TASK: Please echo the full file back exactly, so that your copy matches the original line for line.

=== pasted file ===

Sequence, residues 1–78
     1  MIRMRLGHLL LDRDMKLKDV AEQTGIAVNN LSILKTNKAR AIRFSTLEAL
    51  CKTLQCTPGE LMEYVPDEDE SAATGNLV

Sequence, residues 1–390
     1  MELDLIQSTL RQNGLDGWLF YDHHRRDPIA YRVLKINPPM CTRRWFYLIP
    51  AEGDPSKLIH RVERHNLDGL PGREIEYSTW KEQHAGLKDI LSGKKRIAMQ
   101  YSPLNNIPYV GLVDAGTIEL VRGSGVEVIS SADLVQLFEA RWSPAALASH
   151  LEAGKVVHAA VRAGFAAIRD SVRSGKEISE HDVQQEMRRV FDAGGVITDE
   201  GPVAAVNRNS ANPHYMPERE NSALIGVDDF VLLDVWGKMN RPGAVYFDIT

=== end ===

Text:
Sequence, residues 1–78
     1  MIRMRLGHLL LDRDMKLKDV AEQTGIAVNN LSILKTNKAR AIRFSTLEAL
    51  CKTLQCTPGE LMEYVPDEDE SAATGNLV

Sequence, residues 1–390
     1  MELDLIQSTL RQNGLDGWLF YDHHRRDPIA YRVLKINPPM CTRRWFYLIP
    51  AEGDPSKLIH RVERHNLDGL PGREIEYSTW KEQHAGLKDI LSGKKRIAMQ
   101  YSPLNNIPYV GLVDAGTIEL VRGSGVEVIS SADLVQLFEA RWSPAALASH
   151  LEAGKVVHAA VRAGFAAIRD SVRSGKEISE HDVQQEMRRV FDAGGVITDE
   201  GPVAAVNRNS ANPHYMPERE NSALIGVDDF VLLDVWGKMN RPGAVYFDIT